Somalia Inquiry
Oral Question Period

2:45 p.m.

Bloc

Pierre Brien Témiscamingue, QC

Mr. Speaker, the minister's answer is close to demagoguery. He is well aware that, if the inquiry was not able to hear all the witnesses, it is because of the delays, the problems created by his department and the army's top brass, who never co-operated with the inquiry, who did everything possible to interfere with it, and who never gave it the required support.

The minister is a man of experience and he knows full well that, the higher you go, the closer you get to the government. Are we to understand that, if the government interfered in such an unprecedented manner to put an end to the inquiry, it is because the Prime Minister and the minister felt the commissioners were getting dangerously close to their government?

Somalia Inquiry
Oral Question Period

2:45 p.m.

Acadie—Bathurst
New Brunswick

Liberal

Douglas Young Minister of National Defence and Minister of Veterans Affairs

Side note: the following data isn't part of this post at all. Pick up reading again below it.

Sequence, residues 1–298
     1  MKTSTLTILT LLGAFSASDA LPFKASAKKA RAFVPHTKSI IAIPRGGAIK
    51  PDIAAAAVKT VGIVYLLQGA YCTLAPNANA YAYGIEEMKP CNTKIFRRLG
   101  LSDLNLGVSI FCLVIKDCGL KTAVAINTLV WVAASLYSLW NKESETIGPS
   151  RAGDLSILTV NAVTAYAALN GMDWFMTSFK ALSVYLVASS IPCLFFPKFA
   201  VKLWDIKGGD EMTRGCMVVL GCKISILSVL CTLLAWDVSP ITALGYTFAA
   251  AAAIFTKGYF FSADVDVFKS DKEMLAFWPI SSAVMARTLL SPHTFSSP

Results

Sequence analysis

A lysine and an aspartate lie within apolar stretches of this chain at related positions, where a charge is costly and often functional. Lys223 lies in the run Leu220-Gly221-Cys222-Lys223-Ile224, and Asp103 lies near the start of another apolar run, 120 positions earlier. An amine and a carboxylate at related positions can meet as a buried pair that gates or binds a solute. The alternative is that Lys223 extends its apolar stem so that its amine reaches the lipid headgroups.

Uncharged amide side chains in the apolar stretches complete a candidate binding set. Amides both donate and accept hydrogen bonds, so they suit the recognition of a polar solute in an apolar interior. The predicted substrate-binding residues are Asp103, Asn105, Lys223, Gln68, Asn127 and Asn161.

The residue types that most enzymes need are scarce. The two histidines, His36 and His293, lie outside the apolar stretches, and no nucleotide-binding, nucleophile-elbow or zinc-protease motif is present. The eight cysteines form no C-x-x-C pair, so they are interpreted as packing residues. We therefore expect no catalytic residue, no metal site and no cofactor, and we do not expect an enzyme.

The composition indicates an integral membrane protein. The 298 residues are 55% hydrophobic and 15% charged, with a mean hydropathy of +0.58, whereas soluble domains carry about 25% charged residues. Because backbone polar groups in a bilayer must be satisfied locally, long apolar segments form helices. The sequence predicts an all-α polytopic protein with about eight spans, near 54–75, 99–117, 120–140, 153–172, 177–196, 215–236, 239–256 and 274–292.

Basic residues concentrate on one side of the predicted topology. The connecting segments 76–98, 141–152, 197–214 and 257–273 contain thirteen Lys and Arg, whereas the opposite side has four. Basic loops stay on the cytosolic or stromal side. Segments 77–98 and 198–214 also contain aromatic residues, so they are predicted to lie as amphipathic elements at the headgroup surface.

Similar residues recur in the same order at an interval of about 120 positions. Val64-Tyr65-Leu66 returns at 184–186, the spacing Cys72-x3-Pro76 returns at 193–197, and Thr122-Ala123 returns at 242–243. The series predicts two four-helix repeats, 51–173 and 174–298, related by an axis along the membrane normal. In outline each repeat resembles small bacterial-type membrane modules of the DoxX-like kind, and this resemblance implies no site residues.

Mr. Speaker, as is often the case in the House, I will certainly give the benefit of the doubt to the hon. member. It is not the first time that we put an end to a inquiry's mandate, even though I know it takes time to conduct an inquiry and to find out what happened.

As I said, it is not the first time, but we will let the hon. member get away with his erroneous statement, because I know he did not make it in bad faith. He simply does not know any better.

But, to answer his question, nothing prevented the commissioners from setting up their own agenda. While there may have been delays in providing information, nothing prevented the inquiry from calling on any witness to answer questions.

Let us not forget that the mandate of the Somalia inquiry was extended three times. The last time, the inquiry even told the government it would table its report before the end of June. We agreed three times. Now that we say it is time to complete the job, the hon. member calls it political interference. It is fine when we say yes, but it becomes political interference when we say no.

Somalia Inquiry
Oral Question Period

2:45 p.m.

Reform

Jack Ramsay Crowfoot, AB

Mr. Speaker, yesterday the defence minister said the Somalia commissioners should not have accepted the job if they could not get the job done. Yet it was his government that allowed the shredding of documents, lying to the military police-

Somalia Inquiry
Oral Question Period

2:45 p.m.

The Speaker

If I understood the hon. member correctly he used the word lying. I would like him to withdraw that word now.